Squatters of the former Lonhro conglomerate's unit EATEC on Saturday stormed sections of a 25,000-acre land in Uasin Gishu after the Court of Appeal in Kisumu ruled in their favour, following 10 years of battles in and out of court.
Members of Sirikwa Squatters spent the better part of the day at the home of the late politician Mark Too, who the court said swindled the land through fraud after the East Africa Tanning and Extract Company (EATEC) -- which had leased it -- exited the country.
The 25,000 acres of land spread across two constituencies of Uasin Gishu County have been at the centre of a tussle pitting Too's family and a group of about 1,000 people registered as Sirikwa Squatters, since 2012. The Mark Too land was registered as property of Fanikiwa Ltd.
A big portion of the disputed land has been lying idle after the Court of Appeal in Eldoret directed, five months ago, that the status quo be maintained.
Yesterday, a few hours after the judgment was rendered, the squatters accompanied by their lawyers William Arusei and Juliah Kiget entered the land, in what the legal team described as “enjoyment of the fruits of the judgment.”
A contingent of anti-riot police officers led by Uasin Gishu Deputy County Commander Zacchaeus Ng'eno kept vigil.
The property was part of 32,000 acres of land comprising the Eldoret International Airport and Moi University, among several other public utilities.
As the squatters were celebrating the judgment, the former politician’s kin were considering taking the battle to the Supreme Court.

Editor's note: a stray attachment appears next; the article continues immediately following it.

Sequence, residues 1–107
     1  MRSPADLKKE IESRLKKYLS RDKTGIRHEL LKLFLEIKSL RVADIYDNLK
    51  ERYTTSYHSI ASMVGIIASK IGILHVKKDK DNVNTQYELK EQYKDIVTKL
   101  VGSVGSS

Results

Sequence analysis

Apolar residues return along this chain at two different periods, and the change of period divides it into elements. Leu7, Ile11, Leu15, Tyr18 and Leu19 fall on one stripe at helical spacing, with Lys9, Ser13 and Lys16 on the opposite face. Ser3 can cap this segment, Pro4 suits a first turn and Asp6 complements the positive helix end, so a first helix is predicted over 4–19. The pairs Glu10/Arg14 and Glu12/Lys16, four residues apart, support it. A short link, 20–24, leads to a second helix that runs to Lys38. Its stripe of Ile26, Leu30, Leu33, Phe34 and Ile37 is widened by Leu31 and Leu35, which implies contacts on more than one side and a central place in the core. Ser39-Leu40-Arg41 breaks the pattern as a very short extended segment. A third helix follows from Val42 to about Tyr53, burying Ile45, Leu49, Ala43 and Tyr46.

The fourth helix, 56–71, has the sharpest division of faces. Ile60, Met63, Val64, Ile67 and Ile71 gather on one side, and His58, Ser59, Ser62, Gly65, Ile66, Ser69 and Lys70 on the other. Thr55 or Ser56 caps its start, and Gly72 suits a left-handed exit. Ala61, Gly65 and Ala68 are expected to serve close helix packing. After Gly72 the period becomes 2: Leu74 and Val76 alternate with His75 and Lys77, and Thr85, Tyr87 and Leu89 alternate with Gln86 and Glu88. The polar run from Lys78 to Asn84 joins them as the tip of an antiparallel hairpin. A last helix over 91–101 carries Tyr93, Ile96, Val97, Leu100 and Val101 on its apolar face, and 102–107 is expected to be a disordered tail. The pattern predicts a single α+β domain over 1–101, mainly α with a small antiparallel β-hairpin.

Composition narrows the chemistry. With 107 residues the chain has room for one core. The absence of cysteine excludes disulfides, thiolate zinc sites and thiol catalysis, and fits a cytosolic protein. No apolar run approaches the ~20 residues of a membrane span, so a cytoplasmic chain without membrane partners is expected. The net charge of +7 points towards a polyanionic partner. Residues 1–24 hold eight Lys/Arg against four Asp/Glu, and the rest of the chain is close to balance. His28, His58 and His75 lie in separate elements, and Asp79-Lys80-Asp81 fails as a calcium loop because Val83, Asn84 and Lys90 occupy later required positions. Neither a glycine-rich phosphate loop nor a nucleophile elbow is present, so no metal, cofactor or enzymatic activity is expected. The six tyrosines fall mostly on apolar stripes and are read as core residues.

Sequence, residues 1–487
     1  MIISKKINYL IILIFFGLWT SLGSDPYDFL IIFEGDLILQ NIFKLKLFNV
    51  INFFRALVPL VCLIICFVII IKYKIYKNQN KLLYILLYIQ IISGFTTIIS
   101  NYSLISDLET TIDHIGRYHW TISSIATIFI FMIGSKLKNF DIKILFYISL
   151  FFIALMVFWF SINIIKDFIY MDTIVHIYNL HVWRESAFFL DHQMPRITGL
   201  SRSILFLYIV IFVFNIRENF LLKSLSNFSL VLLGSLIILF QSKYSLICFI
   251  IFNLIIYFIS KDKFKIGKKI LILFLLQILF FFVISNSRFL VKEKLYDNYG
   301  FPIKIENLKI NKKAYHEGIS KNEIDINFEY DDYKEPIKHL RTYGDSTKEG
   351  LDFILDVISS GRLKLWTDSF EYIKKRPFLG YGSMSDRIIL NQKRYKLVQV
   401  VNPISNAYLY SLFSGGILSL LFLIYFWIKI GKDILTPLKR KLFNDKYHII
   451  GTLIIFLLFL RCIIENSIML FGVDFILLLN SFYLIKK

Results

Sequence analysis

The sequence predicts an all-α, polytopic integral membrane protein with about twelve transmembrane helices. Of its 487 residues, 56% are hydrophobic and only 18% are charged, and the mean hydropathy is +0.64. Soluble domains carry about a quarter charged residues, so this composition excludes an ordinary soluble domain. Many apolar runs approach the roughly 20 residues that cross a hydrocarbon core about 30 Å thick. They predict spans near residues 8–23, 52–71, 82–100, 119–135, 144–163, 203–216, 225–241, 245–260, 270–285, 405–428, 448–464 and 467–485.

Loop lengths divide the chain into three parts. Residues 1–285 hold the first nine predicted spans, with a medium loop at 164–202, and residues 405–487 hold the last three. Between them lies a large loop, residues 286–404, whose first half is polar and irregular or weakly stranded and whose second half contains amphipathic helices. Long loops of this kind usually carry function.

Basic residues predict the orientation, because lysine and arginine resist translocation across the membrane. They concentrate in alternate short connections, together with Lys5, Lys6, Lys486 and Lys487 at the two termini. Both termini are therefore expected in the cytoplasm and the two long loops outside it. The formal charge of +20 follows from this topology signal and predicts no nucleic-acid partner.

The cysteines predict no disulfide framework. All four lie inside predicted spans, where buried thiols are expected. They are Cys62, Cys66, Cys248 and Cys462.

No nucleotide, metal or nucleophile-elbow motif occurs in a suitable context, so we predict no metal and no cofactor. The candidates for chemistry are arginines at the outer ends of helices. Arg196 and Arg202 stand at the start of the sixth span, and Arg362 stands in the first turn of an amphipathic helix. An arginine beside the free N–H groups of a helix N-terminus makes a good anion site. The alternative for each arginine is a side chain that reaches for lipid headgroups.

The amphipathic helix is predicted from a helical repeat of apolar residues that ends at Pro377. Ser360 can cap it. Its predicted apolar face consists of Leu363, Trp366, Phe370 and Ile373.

The Friday ruling means that several title deeds of people who acquired property in the land now belonging to the squatters remain revoked.
It emerged yesterday that high-ranking political figures, including a Cabinet minister and a prominent opposition politician, are among casualties of the court verdict.
At some point yesterday, the squatters’ lawyer William Arusei engaged in a bitter argument with Mr Ng'eno, the Deputy County Commander, after the advocate claimed that the armed police officers had been deployed to intimidate the squatters.
“Why should someone call the police after losing twice in court? Why can’t the litigant just move to the next court? The squatters have taken over the land and no amount of intimidation will cow them,” said the lawyer.
But the police boss said: “The family (Mark Too’s) still has a right to appeal and we are here to protect their property because that is our work. We suspect that the squatters are riotous and had some intention to vandalise property.”
Sirikwa Squatters chairman Benjamin Rono said the squatters were peaceful and had no intention of destroying any property.
“Our intention was to take over our land because we have won the case. We are asking anyone occupying it to move out without using the police to intimidate the rightful owners".